Back and bigger than ever, the 2011 School Report saw pupils from around the country grill influential people such as Prime Minister David Cameron and England football captain John Terry.
Now in its fifth year, some 30,000 students from 815 schools took part in the news day.
David Cameron spoke to school students at Downing Street
Schoolchildren were given the job of filming and editing their own TV news bulletin where they could cover a whole host of stories - the only limit was a 1400 deadline.
The day saw a jam-packed schedule of over seven hours of live TV and radio, all streamed on the Red Button and the School Report website.
Another first saw School Report running the a live television broadcast from the BBC's brand new studio complex at MediaCityUK in Salford.
Vampires vs wizards
During the interview with the prime minister, some of the 30 school reporters found out that he thinks there is a North-South divide, more needs to be done to encourage girls to become the political leaders and that he regretted not having a pint of Guinness when celebrating St Patrick's Day.
Meanwhile, Labour leader Ed Miliband was quizzed on gangs and crime and talked about what qualities a good leader needs.
On a lighter note, the father-of-two said he preferred wizards to vampires as "vampires are too scary" and he also revealed that he loved Pepperoni pizzas, TV's Desperate Housewives, dogs, baseball and fruit.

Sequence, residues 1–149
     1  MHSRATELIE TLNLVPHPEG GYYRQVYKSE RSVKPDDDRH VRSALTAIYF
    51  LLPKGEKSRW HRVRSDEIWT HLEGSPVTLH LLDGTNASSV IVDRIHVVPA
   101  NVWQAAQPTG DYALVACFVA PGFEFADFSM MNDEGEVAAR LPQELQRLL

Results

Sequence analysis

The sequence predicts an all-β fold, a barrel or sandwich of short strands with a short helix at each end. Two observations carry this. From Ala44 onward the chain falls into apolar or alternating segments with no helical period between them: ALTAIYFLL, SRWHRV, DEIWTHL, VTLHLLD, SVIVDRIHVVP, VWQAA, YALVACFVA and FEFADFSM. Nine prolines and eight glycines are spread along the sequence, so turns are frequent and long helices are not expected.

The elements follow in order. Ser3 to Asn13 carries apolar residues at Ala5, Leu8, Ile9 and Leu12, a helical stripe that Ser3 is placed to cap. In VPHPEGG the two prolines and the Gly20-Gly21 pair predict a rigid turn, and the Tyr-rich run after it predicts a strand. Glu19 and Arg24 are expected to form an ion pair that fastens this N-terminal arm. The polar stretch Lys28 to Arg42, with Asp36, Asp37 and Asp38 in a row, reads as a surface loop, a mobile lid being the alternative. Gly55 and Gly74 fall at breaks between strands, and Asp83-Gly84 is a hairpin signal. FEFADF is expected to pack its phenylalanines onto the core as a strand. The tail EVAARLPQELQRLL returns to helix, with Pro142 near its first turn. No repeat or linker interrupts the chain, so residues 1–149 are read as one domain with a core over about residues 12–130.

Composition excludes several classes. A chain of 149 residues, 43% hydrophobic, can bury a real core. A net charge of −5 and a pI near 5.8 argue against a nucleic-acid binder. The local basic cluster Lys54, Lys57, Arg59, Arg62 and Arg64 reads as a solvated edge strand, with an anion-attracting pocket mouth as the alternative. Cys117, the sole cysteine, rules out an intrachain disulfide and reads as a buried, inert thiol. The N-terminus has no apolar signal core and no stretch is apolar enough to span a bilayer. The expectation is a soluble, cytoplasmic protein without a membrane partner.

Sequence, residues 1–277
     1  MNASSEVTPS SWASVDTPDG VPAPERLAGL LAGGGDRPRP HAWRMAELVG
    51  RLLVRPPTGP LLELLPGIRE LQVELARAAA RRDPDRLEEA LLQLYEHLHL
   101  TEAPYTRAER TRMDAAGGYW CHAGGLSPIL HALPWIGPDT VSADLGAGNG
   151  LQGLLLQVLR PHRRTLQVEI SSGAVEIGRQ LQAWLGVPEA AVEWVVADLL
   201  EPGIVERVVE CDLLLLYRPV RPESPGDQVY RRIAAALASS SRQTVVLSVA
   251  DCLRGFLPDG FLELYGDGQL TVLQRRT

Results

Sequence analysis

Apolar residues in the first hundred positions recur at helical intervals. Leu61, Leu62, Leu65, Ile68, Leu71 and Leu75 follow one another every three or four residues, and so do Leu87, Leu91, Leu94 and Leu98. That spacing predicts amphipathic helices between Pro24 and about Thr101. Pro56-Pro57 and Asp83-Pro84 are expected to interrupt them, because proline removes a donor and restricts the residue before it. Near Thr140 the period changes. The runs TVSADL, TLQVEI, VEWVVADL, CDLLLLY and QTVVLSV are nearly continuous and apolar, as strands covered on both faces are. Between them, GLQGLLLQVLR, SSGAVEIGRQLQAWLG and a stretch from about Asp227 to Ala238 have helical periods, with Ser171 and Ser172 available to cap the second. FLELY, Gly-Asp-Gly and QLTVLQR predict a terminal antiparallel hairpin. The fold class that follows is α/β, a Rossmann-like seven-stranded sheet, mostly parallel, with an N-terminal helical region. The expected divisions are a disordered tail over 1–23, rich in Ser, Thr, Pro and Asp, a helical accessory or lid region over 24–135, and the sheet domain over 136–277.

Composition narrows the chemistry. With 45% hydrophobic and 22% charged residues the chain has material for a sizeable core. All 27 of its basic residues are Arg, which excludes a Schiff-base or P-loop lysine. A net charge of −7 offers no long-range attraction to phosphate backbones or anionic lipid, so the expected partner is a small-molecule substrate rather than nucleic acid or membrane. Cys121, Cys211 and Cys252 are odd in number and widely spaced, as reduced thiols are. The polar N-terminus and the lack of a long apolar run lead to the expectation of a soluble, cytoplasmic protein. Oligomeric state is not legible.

Deputy leader and the man in charge of the Liberal Democrats, Nick Clegg, was interviewed in the Cabinet Office about Libya and changes to secondary education.
School reporters asked England captain John Terry a tough question
Other probing questions he was asked include: "Why were your university fees paid for when ours probably won't be?" ("It was the Conservatives' decision, not the Lib Dems',") and: "Why, as a smoker, are you proposing moving cigarettes below the counter?" ("My personal habits are not to be recommended.")
School reporters from St Albans School won the praise and admiration of hardened sports journalists when they asked England football captain John Terry this testing question: "You are an inspiration as a player. But what kind of role model do think you are for boys of my age?"
After thanking them for the initial compliment, Terry went on to explain what attributes he felt he had as a role model.
World affairs were popular topics tackled by the students, with many focusing on the earthquake in Japan and the fighting in Libya.
But it wasn't all hard news.
Most popular topics
Earthquake in Japan
Pupils from Kirkwall Grammar School in the Orkney Islands reported on Megan's uncle Douglas who is embarking on a 5,000 mile trip to Monaco - on a jet ski.
Archbishop Temple School in Lancashire hit news gold when they came across a local man from Longridge who's planning to run a marathon while doing keepy-uppys and School Reporters from Teesdale School And Science College in Durham were busy reporting news of an "alien landing" in Barnard Castle.
Messages of support to the School Reporters came flooding into the BBC website.
Louise Priest from Diss High School in Norfolk said there were "very promising future journalists" at the school while Esme Kennedy from Mary Erskine School, Edinburgh, said: "A massive well done to the girls for working really hard and pulling together stories on everything from pandas to ferrets."